There’s silly, and . . .


By Global Tax Weekly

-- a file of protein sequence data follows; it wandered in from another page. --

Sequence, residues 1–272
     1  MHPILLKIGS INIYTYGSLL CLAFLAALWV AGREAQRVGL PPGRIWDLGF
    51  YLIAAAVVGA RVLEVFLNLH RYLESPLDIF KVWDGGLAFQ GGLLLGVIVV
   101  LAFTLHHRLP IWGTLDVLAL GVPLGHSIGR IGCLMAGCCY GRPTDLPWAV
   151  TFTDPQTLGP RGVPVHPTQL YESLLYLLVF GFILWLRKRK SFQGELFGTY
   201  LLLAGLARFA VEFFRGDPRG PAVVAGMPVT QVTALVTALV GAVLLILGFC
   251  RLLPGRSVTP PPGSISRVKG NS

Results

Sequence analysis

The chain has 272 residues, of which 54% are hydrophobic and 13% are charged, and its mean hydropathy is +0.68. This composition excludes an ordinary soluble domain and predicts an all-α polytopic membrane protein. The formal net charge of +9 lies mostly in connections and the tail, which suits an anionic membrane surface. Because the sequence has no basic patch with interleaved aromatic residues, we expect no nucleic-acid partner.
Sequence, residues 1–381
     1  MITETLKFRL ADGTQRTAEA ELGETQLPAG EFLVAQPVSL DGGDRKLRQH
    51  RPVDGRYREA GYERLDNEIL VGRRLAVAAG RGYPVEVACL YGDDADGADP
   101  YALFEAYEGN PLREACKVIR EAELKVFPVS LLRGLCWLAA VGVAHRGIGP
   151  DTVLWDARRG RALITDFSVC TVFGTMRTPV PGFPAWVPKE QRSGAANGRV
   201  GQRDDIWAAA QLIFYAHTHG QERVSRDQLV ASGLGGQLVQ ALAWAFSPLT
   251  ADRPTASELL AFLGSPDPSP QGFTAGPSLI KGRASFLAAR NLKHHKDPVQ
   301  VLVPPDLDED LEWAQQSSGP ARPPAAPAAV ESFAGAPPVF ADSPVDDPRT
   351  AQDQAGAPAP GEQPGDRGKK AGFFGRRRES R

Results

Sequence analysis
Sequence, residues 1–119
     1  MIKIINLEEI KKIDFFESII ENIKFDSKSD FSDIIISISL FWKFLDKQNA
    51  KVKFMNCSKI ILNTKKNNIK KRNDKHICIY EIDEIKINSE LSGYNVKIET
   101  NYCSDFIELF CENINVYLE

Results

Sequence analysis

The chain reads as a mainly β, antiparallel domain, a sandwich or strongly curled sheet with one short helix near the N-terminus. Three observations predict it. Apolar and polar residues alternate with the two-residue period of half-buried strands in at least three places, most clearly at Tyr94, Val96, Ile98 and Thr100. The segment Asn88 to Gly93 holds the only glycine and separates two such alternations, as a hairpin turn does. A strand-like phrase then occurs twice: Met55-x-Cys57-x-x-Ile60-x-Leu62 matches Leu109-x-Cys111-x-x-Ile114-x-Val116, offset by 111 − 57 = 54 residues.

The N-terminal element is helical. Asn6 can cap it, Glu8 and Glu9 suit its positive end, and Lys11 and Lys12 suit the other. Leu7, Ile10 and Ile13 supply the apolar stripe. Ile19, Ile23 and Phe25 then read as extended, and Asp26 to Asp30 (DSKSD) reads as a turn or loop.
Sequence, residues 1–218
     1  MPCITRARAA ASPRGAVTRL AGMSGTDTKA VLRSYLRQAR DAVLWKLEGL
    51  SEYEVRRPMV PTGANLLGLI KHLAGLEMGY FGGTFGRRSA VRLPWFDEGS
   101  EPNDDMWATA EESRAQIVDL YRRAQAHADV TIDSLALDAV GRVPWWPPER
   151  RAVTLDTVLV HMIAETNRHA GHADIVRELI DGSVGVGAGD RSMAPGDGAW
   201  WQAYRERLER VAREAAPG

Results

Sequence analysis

If there was an award for the silliest tax initiative dreamt up by the unelected Eurocrats in Brussels over the course of the last couple of decades, the savings tax directive and the CCCTB (that’s the common consolidated corporate tax base, for the uninitiated) would be up there competing for the top prize. But surely the proposed financial transactions tax would win hands down. It’s not that I feel sorry for the banks targeted by this tax. On the contrary; it is because of them that this idea has come about in the first place. I suppose you could say that even without the financial crisis, the Šemetas and Moscovicis of this world (Francois Hollande’s former finance minister has now taken over from Šemeta as Tax Commissioner) would be pushing for a so-called Tobin tax, or Robin Hood tax, whatever you want to call it, anyway. But that’s by the by. The point is that while Professor James Tobin’s and Robin Hood’s intentions were altruistic – granted, the latter’s idea of redistribution relied on a fair amount of violence – it’s not clear who stands to benefit from the EU FTT. And there could be plenty of losers, including the people it was initially intended to benefit. Back in October 2008, a report commissioned by the Ecosocial Forum Europe and presented to the European Council calculated that a 0.01 percent FTT throughout Europe would generate almost EUR83bn in revenues for development projects and other worthy philanthropic ventures in the developing world. However, in September 2011, the Commission’s FTT proposal envisaged revenue of EUR57bn. Then a more conservative EUR35bn tax take was included in the draft FTT directive in January 2013. But, suddenly, these revenues were no longer going to help fight poverty. Nope, they would contribute to the EU’s “own resources,” which is Brussels-speak for the EU budget. But since only just over one-third of the 28 member states are taking part, and there is much uncertainty about where and when the FTT will become due, it is now almost impossible to say how much this tax will bring in. But, again, trying to pin down a revenue figure is ancillary to the central point, which is that the FTT is unworkable in the first place. Yes, it could be argued that the alarmist warnings from finance industry-commissioned reports about the economic fall-out from the FTT are inevitable, and overblown. But it’s harder to dispute the tax’s legal shortcomings, and there are plenty of those, as the European Council’s own lawyers have pointed out (although its conclusions weren’t supposed to be made public). Presumably, one of the reasons that the EU11 (or is it 10 now, after Slovenia seemingly came to its senses?) are still arguing over this tax is because most, if not all of them, want a piece of the action for their own “own resources,” to fritter away as they wish. According to the Commission, as originally conceived, the FTT was supposed to represent “a fair price” for the financial sector to pay for cleaning up the crisis it helped to start. But what price common sense?





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